Economy, Business And Markets

Textile Industry Needs Major Overhaul

Textile Industry Needs Major Overhaul Textile Industry Needs Major Overhaul

Iran has a rich background in textile industry, as carpet weaving, loom weaving, dyeing, and embroidery have been practiced in the country for millenniums. It is also among the first industries for which industrial machinery was imported to Iran 90 years ago. Regardless of ups and downs in the industry during the past nine decades, the current situation is not satisfactory at all.

Many textile companies have gone bankrupt during the past decade while those that survived are struggling with a multitude of problems to provide liquidity as well as raw material to market their products. The fluctuations of the raw material prices have prevented the textile manufacturers from developing long-term plans, the director at the private sector textile company Polytech, Nader Azimi told the Financial Tribune.

The main problem in the domestic textile sector is that it lacks tools, the individuals, the leaders and managers, and people who have general understanding and knowledge of methodologies that are utilized by foreign companies in developed countries, Azimi, a US-educated industrialist added.    

Textile is an old school business in Iran and the majority of industrialists in the sector have old school mindsets. The industry needs to be totally restructured. Today, the real value added in the industry lies in designing and branding. The final goal for the textile industry should not only be creating quality fabrics, but also making designs which create the real value added. Another source of revenue for the sector could be achieved by shifting the focus on producing high-tech fabrics for specific purposes, for example the material for concrete-impregnated fabrics used for ditch-lining.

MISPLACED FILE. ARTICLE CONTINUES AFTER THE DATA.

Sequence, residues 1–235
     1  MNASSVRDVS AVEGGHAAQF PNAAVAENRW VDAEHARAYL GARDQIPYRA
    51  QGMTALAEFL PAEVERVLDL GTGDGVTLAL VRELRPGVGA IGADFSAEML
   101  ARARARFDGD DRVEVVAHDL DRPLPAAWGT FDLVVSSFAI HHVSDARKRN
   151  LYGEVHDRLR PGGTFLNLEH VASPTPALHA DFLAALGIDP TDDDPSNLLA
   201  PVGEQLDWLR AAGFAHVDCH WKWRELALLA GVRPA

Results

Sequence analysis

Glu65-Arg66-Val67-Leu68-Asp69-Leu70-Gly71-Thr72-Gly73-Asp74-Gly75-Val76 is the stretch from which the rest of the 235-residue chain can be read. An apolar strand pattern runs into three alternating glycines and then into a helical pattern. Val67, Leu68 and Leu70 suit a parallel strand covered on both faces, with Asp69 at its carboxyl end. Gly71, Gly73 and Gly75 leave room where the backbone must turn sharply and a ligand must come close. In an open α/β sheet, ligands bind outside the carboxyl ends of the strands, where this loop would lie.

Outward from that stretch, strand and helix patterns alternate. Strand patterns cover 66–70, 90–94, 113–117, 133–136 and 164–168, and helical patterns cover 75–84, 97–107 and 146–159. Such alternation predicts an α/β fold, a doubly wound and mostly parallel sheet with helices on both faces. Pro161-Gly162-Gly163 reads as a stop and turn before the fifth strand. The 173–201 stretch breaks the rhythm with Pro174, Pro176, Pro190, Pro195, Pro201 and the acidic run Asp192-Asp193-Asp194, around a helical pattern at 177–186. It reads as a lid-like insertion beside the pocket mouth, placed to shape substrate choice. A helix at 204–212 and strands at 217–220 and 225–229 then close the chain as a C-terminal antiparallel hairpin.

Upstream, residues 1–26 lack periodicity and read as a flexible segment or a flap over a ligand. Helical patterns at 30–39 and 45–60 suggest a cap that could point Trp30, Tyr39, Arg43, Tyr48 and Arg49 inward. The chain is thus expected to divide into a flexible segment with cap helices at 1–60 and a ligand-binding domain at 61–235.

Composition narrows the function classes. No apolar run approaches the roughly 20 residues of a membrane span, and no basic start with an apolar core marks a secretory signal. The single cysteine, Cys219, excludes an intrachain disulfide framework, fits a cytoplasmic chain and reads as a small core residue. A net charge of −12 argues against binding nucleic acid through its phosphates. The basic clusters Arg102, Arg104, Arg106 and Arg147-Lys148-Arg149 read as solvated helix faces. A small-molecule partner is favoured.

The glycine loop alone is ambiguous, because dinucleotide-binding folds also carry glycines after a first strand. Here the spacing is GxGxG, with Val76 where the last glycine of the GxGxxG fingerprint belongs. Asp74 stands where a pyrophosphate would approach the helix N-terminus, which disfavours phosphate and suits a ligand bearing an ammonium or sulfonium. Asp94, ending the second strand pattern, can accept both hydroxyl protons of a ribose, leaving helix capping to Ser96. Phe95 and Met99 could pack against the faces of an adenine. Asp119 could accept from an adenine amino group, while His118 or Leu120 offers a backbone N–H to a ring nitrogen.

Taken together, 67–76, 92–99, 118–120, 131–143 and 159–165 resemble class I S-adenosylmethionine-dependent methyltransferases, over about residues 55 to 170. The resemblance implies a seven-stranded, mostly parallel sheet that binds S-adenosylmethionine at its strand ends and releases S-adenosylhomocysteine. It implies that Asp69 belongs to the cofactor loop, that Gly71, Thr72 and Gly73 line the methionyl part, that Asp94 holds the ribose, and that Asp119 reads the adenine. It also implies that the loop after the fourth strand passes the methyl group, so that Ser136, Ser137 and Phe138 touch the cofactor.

“The government is expected to provide incentives to encourage the garment producers and textiles manufacturers to export their products to specific markets. Naturally, a stable economy is required as a basis for all such developments. Foreign financiers need to make sure that their investments in this country will pay off in the long run,” Azimi said.  

According to Azimi, whose company produces three-dimensional fabrics mainly used in bedding and auto industries, low quality and low production capacities are also among the setbacks for Iran’s textile producers.

“The government is expected to direct its funds towards the industries and manufacturers that have grown and proven themselves. To do so, the government needs the right legal and audit systems. I plead the officials at the ministry of industry, mine, and trade to create teams to audit different sectors of the industry and to understand who the big players are who can be trusted for more financial resources and cheap loans,” Azimi further said in an interview with the Financial Tribune.

The textile industry, like many other industrial sectors in Iran, has suffered immensely from western sanctions – imposed on the country over its nuclear energy program. “A German manufacturer of textile machinery gave me a list of all their sales during the past decade. While a huge number of such machinery went to China, Vietnam, India, and Turkey during the past few years; only two machines were imported to Iran in 2006 and two in 2011. Having purchased only four machines during the past decade reveals that there has not been much development in the sector”, Azimi warned.

The industry ministry plans to mobilize a team to closely monitor the industries and provide the necessary education by organizing conferences, exhibitions and cross-country communications.